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Worried about my poor abs

(12 Posts)
Cuppatea14 Tue 02-Sep-14 22:31:25

So I had some split abs (can't remember the technical name) on my first, but only about 2 fingers wide and they mostly sorted themselves. Am 27 weeks on number 2 now and can already feel a fairly big split. Starting to get freaked out now that I'll end up with a massive split and problems at the end of this pregnancy. Mentioned it to my consultant but she brushed it off, basically said not much I can do about it. Does anyone know if this is the case, is there really nothing to be done to minimise it? (Other than the obvious being careful hoisting self out of bed etc) I have a very active toddler at home, wonder does hauling her around the place make it worse??

Cuppatea14 Tue 02-Sep-14 22:33:56

Just to add, prevention/treatment only stories please, no scary stories from people who've ended up having surgery and whatnot. I have googled sufficiently to already have scared the bejaysis out of myself.

VeryLittleGravitasIndeed Tue 02-Sep-14 22:39:08

The attitude of the medical profession to diastasis recti makes me so cross. It causes such self esteem problems as well as some serious health issues!

Your consultant is wrong, you can do things while pregnant to stop it from getting worse. For example...

Also have a look at transverse abdominis exercises for after the baby is born. Your transverse abdominis will pull the diastasis back together. eg

Cuppatea14 Tue 02-Sep-14 22:59:57

Thanks so much for the links, lots of things on here rang a bell (posture & always carrying toddler on same side especially). I have scoliosis so am naturally more inclined to 'sway back' at the best of times, must make an effort to tuck in my backside a bit more. Great to hear there are proactive things I can start to do. Doc did mention swimming might be a good exercise also, what do you think?

Muststudy Wed 03-Sep-14 07:04:29

You can have surgery after ....once you aredone the kids and they are potty trained and able to look after themsthemselves without relying on you being around!

VeryLittleGravitasIndeed Wed 03-Sep-14 07:09:25

Swimming tends to be great pregnancy exercise as it's low impact but keeps everything moving, although I haven't seen anything specifically linking it to diastasis recti prevention. I think it's normally recommended to be careful with breaststroke as your pelvis loosens up in later pregnancy. Keep doing pelvic floor exercises as well, they help keep your core muscles more stable.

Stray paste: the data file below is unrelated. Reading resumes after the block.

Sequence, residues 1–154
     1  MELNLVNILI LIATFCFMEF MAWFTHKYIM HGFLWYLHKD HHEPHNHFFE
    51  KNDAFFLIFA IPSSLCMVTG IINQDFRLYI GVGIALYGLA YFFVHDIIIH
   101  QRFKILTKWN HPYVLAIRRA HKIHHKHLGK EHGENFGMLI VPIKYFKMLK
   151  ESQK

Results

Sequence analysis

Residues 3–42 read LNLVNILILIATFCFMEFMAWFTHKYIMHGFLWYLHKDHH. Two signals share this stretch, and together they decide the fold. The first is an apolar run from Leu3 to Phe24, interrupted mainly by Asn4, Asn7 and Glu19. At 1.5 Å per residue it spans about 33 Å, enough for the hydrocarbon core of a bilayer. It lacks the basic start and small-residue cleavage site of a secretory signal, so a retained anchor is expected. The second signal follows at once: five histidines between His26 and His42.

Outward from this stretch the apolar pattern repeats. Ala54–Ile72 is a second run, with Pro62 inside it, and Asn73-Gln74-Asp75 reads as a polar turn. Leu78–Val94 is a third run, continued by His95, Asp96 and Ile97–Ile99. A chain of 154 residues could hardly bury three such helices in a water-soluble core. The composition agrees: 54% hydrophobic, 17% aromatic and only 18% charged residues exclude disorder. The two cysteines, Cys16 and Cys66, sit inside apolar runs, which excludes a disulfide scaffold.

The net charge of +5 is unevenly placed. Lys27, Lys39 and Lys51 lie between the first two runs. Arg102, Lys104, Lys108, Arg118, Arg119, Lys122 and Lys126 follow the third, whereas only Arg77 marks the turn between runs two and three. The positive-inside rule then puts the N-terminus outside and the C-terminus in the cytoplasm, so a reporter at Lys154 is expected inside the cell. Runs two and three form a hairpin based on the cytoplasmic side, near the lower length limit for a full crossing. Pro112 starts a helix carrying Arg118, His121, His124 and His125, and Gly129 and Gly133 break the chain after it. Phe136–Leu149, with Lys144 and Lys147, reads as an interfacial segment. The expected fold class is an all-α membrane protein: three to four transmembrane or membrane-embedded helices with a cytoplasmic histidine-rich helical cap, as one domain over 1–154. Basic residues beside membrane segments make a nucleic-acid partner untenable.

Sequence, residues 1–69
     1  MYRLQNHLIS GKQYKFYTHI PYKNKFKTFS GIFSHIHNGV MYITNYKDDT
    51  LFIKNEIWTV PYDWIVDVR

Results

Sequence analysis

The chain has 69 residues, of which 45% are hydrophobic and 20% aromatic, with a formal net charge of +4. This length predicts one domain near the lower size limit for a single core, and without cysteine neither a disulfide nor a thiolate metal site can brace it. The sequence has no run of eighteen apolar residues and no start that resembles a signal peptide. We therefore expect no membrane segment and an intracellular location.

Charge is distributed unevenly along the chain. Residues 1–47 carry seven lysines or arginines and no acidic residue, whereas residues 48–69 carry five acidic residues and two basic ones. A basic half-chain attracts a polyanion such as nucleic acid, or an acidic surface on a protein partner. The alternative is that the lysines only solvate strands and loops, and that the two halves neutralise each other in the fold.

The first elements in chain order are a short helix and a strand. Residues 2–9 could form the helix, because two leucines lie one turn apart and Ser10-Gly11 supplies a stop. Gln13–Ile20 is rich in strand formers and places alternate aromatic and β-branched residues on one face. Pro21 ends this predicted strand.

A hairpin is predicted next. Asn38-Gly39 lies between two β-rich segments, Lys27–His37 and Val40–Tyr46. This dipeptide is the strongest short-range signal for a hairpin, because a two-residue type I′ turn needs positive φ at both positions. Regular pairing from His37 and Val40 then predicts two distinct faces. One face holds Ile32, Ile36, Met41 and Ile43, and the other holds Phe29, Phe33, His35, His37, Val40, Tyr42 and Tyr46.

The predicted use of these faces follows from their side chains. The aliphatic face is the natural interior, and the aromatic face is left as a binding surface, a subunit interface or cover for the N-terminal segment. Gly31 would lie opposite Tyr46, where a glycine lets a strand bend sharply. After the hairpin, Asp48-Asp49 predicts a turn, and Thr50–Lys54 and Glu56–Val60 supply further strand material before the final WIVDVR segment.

squizita Wed 03-Sep-14 07:23:07

My yoga teacher advised similar to that link VeryLittle posted:
-no big core/twisty movements
-no plank type exercises
-careful to lift using your thighs not your core (oh the BURN haha)

I was worried about causing this so asked, it seems that whilst nature does have a part in it you can be careful.

If also found people confuse it with stretch marks and general 'mummy tummy' which is unhelpful. I don't want it because I have back issues so my core works to help keep me mobile when my back's not 100%!
You get people saying "if you have stretch marks you'll separate!" when what they mean is "if you stretch your skin quickly your tummy might bag" not the same thing at all!!!

Roseblossom2 Wed 03-Sep-14 13:25:15

My abs have been hurting me no end since 18weeks, So I have a feeling I may suffer with them even more later, problem is I'm a right chubster! so I can't actually feel what's going on in there but pushing into the middle is the oddest sensation ever for me...... eep :/

Cuppatea14 Wed 03-Sep-14 21:04:39

So I've been paying attention to my posture today after the good advise, can't believe how hunched over I have been, it's one of those things that you only notice when you stand up properly and hear the crunch of all the beleaguered muscles cracking behind you. Hoping this will help get through the rest of the pregnancy without destroying my (once lovely and flat-sob!) belly too much. Anyone heard of those bandage thingies that hold you together after the baby's born, any good or just a gimmick?

squizita Wed 03-Sep-14 21:21:52

I have heard they can slow things down as they do some of the holding the muscles need to get back into the habit of doing ..?

VeryLittleGravitasIndeed Thu 04-Sep-14 07:30:25

I think the bandage things should only be used if you're under care of a physio for the separation. I gather they're used when the separation is very severe and there's a hernia danger. For smaller separations I've heard the same as squiz, that it slows healing down.

squizita Thu 04-Sep-14 10:21:57

I've noticed something slightly odd (I am literally waiting to push! 38+6!). Just round my belly button, in a neat circle, feels softer than everywhere else. There's no muscular pain and I don't feel like my muscles have separated alL the way up and down ... I noticed it while poking around feeling my bump.
Well I guess it will either heal or I'll have a very deep inny or outy afterwards!

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